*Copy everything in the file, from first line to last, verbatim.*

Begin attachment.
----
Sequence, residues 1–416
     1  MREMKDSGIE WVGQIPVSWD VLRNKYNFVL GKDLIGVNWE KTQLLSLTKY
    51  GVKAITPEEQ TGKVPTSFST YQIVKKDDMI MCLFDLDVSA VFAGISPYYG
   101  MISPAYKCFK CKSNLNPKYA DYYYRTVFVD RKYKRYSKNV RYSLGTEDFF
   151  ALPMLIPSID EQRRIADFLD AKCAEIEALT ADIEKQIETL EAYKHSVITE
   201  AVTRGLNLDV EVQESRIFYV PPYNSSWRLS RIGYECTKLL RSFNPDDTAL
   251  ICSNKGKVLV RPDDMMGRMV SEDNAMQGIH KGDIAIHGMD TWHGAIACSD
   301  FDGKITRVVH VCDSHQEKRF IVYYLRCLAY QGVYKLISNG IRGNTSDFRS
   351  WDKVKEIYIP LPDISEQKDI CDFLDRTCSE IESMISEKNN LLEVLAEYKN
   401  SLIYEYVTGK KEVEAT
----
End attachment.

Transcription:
Sequence, residues 1–416
     1  MREMKDSGIE WVGQIPVSWD VLRNKYNFVL GKDLIGVNWE KTQLLSLTKY
    51  GVKAITPEEQ TGKVPTSFST YQIVKKDDMI MCLFDLDVSA VFAGISPYYG
   101  MISPAYKCFK CKSNLNPKYA DYYYRTVFVD RKYKRYSKNV RYSLGTEDFF
   151  ALPMLIPSID EQRRIADFLD AKCAEIEALT ADIEKQIETL EAYKHSVITE
   201  AVTRGLNLDV EVQESRIFYV PPYNSSWRLS RIGYECTKLL RSFNPDDTAL
   251  ICSNKGKVLV RPDDMMGRMV SEDNAMQGIH KGDIAIHGMD TWHGAIACSD
   301  FDGKITRVVH VCDSHQEKRF IVYYLRCLAY QGVYKLISNG IRGNTSDFRS
   351  WDKVKEIYIP LPDISEQKDI CDFLDRTCSE IESMISEKNN LLEVLAEYKN
   401  SLIYEYVTGK KEVEAT